Insights into potential users and messaging for HIV oral self-test kits in Kenya
Ochako et al.
Type of approach
Type of assistance
Mixed: General population, men who have sex with men and female sex workers
Values and preferences
UNAIDS HIV prevalence (2017)
5.9 [4.9 - 7.0]
A mixed-method study to identify the willingness to use oral self-test kits, and factors associated with the potential adoption and use of oral HIV self-testing kits to inform future HIV self-testing pilot programs.
Summary of findings
Self-testing should be introduced and carefully evaluated for the general and key populations in Kenya. The levels of interest and intention to use self-test kits were overwhelmingly high among the general populations and female sex workers. The intention to use self-test kits among men who have sex with men was lower, likely due to the convenient sampling of only out (more openly gay) men who have sex with men at drop-in-centers. Further study with probability sampling might be needed for this group. Detailed findings are present regarding how self-testing should be implemented.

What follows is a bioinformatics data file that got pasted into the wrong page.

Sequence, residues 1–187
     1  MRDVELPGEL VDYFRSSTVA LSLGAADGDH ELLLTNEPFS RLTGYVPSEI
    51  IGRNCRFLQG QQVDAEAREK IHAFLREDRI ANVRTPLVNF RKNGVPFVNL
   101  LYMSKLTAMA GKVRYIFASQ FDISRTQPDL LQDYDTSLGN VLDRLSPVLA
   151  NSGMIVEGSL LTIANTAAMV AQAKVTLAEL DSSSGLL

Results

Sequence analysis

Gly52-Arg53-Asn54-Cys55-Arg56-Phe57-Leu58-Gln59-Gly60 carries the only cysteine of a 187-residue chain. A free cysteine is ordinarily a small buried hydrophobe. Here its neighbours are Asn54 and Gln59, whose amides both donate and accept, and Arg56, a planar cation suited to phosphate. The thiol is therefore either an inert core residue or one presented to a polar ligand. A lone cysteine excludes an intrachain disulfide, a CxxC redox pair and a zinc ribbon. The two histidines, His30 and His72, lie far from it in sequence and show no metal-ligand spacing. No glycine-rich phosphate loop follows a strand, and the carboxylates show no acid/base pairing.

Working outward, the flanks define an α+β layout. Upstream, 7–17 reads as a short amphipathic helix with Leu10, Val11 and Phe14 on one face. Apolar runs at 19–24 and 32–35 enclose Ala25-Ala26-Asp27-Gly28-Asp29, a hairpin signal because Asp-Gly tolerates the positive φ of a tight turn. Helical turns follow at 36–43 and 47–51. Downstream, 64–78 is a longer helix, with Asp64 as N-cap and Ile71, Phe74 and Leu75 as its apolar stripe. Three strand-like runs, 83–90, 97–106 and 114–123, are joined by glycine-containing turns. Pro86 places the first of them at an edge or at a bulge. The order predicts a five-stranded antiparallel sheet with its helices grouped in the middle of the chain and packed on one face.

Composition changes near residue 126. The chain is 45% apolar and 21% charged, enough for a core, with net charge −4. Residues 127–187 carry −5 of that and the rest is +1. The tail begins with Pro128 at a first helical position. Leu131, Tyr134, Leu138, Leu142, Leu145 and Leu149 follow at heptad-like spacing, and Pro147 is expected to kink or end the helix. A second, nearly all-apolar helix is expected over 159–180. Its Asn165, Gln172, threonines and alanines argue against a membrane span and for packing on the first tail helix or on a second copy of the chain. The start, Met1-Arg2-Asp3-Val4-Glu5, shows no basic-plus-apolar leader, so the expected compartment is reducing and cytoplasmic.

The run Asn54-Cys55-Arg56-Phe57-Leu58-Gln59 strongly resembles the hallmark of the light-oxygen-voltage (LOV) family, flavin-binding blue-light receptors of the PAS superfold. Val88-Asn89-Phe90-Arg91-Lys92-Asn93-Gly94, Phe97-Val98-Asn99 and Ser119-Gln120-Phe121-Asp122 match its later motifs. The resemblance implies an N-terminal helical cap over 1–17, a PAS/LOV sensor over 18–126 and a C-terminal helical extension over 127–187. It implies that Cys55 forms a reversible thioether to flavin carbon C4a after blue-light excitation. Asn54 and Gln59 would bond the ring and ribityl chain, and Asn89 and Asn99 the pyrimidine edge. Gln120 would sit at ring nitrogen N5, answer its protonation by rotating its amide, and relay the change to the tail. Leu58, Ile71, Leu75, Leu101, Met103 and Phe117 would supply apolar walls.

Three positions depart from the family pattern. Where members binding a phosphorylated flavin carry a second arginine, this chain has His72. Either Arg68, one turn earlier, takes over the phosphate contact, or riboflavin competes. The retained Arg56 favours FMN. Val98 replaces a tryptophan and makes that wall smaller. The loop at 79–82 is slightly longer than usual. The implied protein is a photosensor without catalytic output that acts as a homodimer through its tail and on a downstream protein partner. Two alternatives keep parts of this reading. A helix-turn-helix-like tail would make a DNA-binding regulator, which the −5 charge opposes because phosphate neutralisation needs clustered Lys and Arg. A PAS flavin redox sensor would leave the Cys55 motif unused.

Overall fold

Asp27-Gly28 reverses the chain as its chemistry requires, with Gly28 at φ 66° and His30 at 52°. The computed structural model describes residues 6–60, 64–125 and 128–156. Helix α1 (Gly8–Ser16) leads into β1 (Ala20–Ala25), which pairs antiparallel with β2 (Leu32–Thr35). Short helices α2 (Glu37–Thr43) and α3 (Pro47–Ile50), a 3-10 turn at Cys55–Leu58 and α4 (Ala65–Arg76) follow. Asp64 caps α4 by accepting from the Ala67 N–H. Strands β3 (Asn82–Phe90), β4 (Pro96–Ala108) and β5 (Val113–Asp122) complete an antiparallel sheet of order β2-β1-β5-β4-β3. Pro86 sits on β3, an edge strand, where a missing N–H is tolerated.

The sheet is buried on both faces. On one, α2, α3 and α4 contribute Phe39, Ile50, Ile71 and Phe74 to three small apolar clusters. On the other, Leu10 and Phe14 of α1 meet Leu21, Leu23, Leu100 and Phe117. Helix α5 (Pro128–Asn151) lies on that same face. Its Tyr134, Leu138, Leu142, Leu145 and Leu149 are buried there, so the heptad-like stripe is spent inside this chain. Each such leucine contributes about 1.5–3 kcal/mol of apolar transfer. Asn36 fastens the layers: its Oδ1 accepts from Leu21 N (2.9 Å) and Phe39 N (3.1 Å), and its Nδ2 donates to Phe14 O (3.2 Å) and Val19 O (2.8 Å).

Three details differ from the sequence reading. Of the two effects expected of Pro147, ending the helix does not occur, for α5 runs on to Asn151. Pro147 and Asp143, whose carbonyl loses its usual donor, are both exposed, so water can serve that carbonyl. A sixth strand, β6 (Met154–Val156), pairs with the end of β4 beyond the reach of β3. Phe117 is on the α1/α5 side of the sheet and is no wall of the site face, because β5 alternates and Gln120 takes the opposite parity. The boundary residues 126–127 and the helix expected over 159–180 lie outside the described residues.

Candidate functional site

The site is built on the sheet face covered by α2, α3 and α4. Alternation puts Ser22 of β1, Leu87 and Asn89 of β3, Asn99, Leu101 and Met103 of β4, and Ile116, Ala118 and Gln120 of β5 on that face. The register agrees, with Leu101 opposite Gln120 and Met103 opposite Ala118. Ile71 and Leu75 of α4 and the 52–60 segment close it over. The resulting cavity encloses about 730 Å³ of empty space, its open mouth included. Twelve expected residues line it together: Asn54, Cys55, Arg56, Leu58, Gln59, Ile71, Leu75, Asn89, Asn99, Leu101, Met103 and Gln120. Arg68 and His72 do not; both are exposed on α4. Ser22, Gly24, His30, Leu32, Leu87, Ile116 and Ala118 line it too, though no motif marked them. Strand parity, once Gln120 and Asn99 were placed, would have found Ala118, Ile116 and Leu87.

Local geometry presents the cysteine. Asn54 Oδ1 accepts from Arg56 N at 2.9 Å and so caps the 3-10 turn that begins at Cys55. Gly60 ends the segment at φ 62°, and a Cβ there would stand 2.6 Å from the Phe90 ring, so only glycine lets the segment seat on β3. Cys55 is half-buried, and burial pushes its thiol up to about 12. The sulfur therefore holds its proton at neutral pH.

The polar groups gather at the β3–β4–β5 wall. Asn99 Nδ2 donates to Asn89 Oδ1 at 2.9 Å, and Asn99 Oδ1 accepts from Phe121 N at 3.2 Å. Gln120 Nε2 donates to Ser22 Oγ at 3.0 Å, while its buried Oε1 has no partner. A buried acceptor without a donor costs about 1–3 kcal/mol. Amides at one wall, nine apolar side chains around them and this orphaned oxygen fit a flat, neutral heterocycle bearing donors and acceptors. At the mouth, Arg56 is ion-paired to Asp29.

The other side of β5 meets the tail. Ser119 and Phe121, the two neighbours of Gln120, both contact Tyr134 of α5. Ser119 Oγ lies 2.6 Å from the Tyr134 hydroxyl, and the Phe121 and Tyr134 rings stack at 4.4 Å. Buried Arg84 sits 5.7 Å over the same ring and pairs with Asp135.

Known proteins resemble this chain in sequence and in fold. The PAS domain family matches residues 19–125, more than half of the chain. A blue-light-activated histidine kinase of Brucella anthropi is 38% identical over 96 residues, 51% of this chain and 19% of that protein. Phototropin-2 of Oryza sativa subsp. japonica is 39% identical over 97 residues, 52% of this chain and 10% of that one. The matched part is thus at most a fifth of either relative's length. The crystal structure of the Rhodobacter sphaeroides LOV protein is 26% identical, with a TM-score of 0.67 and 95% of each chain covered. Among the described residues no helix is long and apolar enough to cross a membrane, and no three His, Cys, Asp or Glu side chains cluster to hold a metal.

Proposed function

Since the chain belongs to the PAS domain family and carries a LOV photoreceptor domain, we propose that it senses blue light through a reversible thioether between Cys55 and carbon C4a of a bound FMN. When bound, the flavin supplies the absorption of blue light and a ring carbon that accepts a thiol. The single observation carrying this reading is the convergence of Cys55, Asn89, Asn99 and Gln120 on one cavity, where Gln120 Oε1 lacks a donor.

Nearly all respondents in the general population in both study locations, and among female sex workers report a willingness to use the kit and test on their own. However, only 57% of men who have sex with men were willing to use the kit and test on their own.
Willingness to pay
Willingness to pay details
Willingness to pay was almost universal among the general population and female sex workers, but was much lower among men who have sex with men respondents. Past testing experience positively influenced willingness to pay for self-test kits.
Linkage to prevention, care and treatment
Men who have sex with men: 50 % would seek post-test counseling and confirmation of results and female sex workers: 75 % would go to a health facility for confirmation
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